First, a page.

Hand papermaking allows an artist to take ownership of their materials. Choosing a fiber for paper pulp, making handmade paper, creating the final form—papermaking is a mutable art medium that allows for a multitude of options. When used in interdisciplinary manner, the process can be a way to add context, content, and meaning to an art piece.
Patrick Blenkarn is a Canadian artist based in Vancouver who recently created Soliloquy in English, a performance piece about English as a second language. It uses a rich combination of materials: words spoken aloud, a book containing varied experiences, and paper handmade from a secondhand dictionary.
For a long time I called myself a theatre director and a playwright. I was born in Ottawa and went to school in Halifax to study philosophy, theatre history, and film history. For four years I spent my days in the library and lecture hall, and my evenings in rehearsal halls and theatres.
From the beginning, I wasn’t particularly satisfied with the notion of dedicating myself to one form of theatre. While many of my peers would make one play and aim to workshop it and tour it over two or three years, I preferred working on new or multiple projects every two to three months. Theatre was new and exciting to me. After having made plays for theatres, for streets, for kitchens, and even one over email that lasted four months, I went back to school to start a Master’s of Fine Arts degree at Simon Fraser University in Interdisciplinary Studies—I’m still there now.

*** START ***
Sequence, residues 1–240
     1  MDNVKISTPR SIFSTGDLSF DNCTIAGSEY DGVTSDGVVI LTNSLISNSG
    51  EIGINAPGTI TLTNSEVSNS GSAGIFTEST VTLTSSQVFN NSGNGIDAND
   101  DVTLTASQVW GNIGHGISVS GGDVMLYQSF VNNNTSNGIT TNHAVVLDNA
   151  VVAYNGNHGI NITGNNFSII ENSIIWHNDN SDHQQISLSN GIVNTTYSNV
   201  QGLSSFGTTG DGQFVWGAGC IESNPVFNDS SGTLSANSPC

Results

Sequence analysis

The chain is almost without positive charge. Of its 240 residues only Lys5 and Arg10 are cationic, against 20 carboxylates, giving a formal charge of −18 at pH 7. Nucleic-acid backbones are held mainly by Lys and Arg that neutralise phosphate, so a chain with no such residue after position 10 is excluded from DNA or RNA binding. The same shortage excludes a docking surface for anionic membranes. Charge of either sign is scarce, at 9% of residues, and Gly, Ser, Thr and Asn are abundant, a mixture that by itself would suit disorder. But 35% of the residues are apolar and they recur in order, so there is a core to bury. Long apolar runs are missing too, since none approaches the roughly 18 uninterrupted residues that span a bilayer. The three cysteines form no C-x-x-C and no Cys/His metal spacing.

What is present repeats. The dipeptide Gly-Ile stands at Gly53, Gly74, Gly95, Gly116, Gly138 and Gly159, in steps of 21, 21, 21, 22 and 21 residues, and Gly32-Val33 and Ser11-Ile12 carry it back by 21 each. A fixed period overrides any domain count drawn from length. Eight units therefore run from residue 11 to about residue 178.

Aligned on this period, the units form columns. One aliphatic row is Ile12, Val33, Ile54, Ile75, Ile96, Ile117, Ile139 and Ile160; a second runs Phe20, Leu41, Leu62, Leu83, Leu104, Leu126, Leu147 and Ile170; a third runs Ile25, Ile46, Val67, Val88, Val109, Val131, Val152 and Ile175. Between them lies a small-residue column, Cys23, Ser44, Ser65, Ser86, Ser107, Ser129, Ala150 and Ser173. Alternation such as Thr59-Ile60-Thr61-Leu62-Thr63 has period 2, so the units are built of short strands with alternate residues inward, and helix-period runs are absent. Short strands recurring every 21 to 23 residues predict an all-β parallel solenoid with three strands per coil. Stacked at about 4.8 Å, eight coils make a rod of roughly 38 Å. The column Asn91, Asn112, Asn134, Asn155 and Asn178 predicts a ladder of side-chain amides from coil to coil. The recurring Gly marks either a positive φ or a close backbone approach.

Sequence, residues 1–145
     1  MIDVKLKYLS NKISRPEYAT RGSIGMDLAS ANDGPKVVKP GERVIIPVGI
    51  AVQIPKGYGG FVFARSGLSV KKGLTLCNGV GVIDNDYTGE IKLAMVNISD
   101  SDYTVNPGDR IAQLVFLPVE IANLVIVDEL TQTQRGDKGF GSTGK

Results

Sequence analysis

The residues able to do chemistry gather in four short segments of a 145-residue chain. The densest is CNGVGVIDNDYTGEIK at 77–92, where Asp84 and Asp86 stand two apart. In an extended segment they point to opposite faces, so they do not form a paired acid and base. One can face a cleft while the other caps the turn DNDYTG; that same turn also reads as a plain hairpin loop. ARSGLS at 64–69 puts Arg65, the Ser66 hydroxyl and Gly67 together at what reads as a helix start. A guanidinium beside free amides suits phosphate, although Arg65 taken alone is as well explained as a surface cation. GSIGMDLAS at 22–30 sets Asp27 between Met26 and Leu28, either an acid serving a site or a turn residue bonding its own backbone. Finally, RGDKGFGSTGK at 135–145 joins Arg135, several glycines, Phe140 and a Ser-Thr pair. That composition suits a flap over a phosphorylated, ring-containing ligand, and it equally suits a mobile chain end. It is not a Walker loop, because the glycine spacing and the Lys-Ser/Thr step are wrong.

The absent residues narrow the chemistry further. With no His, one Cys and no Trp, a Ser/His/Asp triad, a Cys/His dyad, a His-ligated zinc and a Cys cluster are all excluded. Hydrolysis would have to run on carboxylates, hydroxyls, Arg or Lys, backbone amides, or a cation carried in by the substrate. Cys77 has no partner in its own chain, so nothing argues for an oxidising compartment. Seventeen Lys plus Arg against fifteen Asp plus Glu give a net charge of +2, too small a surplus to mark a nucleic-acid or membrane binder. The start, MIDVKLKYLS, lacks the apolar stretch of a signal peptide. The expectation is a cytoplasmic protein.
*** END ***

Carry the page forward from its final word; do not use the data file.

Most of my recent work has left the theatre altogether, or at least the classification of theatre, since I will admit it still borrows from the things I love most about theatre—questions about the relationship between performer and audience, the rhythm of speech, character, and more.
I mention all this as a way to explain to myself how I came to be reading Paperslurry’s instructions on how to make paper. At the end of June of 2016, I needed to finish a new work called Soliloquy in English, which opened in August at the SummerWorks Performance Festival in Toronto.
Soliloquy in English is a book for multiple voices. It is comprised of interviews with people who learned English as a second language and it is read out loud by a small audience. The book is passed from hand to hand and voice to voice, and the result is a kind of lyric essay about the experience of learning a language people are increasingly expected to know around the world—a language I myself have never felt forced or expected to know.
While the subject matter was largely sparked by my own brief stint in Shanghai as a middle school ESL teacher, and a desire to connect with people I’d known throughout my life in English (despite us both often being fluent in another language), my adventure into handmade paper came from thinking about how to build on the relationship between the act of reading and the language being spoken.
In the performance, we read in English and reflect on English. The words are a material in the performance. They are put in your mouth to be chewed on. Once I started thinking of the words in these terms, I felt that the book itself couldn’t just be any old paper. It had to be part of the greater question about English. So I bought a Concise Oxford Dictionary from a secondhand shop on West Pender in Vancouver and a blender and set to work.
The result is very much a mix of things. A book. A performance. An art object. An essay. A documentary—a slurry.
- By Patrick Blenkarn
Soliloquy in English runs until August 14th , 2016 at the Theatre Centre in Toronto, Canada.
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